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Summary:

How safe is your smart scale? Craig Labovitz of Deepfield said that it’s probably not.

Craig Labovitz, Co-Founder, Deepfield Structure 2014

Good news: The internet of things is growing. Bad news: The internet of things remains unsafe.

Craig Labovitz, co-founder and CEO of Deepfield, spoke onstage at Structure 2014 about the rapid increase of smart products in the average home, based on analysis of one fifth to one quarter of internet traffic in the U.S. and how security still lags behind.

Labovitz said that, according to research, the internet of things is still young: less than 1 percent of households own popular IoT products. However, those products — which include fitness tracker Fitbit (see disclosure) and smart TVs from LG and Samsung — along with mobile products like iPhones, means that homes are full of smart products.

“Every home on average has at least four different devices connected to the net, and it’s growing rapidly,” Labovitz said.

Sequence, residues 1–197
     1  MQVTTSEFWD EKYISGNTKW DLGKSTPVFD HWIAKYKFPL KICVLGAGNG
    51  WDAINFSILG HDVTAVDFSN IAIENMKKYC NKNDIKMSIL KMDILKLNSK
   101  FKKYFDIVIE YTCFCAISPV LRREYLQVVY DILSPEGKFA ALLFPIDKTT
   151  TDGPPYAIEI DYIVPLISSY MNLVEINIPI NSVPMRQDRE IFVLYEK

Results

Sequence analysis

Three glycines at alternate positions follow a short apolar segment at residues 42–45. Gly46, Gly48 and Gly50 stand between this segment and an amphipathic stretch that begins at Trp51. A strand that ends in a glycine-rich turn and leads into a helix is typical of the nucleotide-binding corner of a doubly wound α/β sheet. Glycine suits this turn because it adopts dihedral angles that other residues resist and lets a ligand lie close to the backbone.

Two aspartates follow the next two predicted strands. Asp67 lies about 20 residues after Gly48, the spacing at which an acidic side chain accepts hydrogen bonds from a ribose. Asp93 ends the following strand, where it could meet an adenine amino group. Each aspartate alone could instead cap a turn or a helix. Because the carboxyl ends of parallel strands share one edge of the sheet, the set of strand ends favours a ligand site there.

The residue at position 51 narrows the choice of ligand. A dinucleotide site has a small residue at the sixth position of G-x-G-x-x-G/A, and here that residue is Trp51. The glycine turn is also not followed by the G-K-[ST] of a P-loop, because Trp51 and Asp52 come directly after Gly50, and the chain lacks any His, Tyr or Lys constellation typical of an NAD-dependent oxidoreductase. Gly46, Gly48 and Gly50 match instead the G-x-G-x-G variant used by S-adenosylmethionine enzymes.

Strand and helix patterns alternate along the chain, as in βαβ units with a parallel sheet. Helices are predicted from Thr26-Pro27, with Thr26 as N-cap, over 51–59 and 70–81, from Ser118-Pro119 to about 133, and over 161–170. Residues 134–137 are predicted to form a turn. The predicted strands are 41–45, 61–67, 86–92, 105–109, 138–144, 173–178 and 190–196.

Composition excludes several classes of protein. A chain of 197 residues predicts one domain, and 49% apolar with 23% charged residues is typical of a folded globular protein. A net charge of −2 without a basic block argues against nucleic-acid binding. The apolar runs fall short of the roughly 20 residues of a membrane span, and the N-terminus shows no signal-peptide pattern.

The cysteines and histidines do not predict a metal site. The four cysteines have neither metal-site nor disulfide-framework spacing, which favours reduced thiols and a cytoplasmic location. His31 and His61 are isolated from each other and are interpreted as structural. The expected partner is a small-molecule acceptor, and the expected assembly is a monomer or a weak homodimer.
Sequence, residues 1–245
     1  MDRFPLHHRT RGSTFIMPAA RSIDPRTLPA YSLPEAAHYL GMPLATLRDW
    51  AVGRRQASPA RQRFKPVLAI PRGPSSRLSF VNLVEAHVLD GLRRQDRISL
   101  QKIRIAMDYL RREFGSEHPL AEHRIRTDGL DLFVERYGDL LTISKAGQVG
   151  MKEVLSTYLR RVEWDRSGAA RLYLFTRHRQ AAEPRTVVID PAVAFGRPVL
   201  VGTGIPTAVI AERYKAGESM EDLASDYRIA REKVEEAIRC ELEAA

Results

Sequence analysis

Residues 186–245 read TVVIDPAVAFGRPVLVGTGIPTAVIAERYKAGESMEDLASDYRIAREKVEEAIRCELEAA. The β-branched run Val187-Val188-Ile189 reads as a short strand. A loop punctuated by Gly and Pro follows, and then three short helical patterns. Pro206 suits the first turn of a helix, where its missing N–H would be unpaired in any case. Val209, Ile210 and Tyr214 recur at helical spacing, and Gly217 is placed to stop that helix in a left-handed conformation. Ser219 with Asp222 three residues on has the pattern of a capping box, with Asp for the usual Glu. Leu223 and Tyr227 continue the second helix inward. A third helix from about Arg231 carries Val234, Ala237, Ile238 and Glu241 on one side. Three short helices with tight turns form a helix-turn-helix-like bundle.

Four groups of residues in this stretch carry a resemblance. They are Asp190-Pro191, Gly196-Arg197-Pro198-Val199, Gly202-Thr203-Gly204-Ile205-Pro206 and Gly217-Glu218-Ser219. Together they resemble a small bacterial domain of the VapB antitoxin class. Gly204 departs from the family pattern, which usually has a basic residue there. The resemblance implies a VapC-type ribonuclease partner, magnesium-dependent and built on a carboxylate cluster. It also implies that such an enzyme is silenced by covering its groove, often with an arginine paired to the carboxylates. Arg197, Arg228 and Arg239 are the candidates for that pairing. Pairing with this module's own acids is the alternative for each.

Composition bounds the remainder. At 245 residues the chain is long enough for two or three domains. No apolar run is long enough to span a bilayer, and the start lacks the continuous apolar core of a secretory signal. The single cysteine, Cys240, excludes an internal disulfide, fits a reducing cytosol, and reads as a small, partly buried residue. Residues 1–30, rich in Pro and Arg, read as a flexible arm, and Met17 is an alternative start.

Despite the growing popularity of smart products, Labovitz said that insecure practices mean that hacking is a very real threat. According to research, the most popular site on the Net is time.netgear.com, due to flawed routers staying in repeated DNS loop. Poor firmware and security issues go beyond the router, though, as Labovitz said that it’s easy to crack devices. In fact, Deepfield was able to identify problems in smart scales and appliances that show how easy raw, personal data can be exposed. He said that as these products get more popular, companies should prioritize security for the Internet of Things.

“It’s early days, we should be thankful,” Labovitz said. “But man oh man, if we don’t get ahead of this it’s a scary trajectory.”

Check out a video embed of the session below:

Disclosure: Fitbit is backed by True Ventures, a venture capital firm that is an investor in the parent company of Gigaom.

Photo by Jakub Mosur

Structure 2014 ticker

  1. Daniela Krug Friday, June 20, 2014

    The emphasis on cost and performance of embedded systems can make it difficult to incorporate existing security solutions. Memory is often scarce and devices need to operate on low power.
    We recognise how important security is so we released an open source TLS library ‘MiniTLS’, which has the smallest footprint of any SSL/TLS stack currently on the market. It is specifically designed for internet-connected devices with resource constraints.
    http://www.minitls.com

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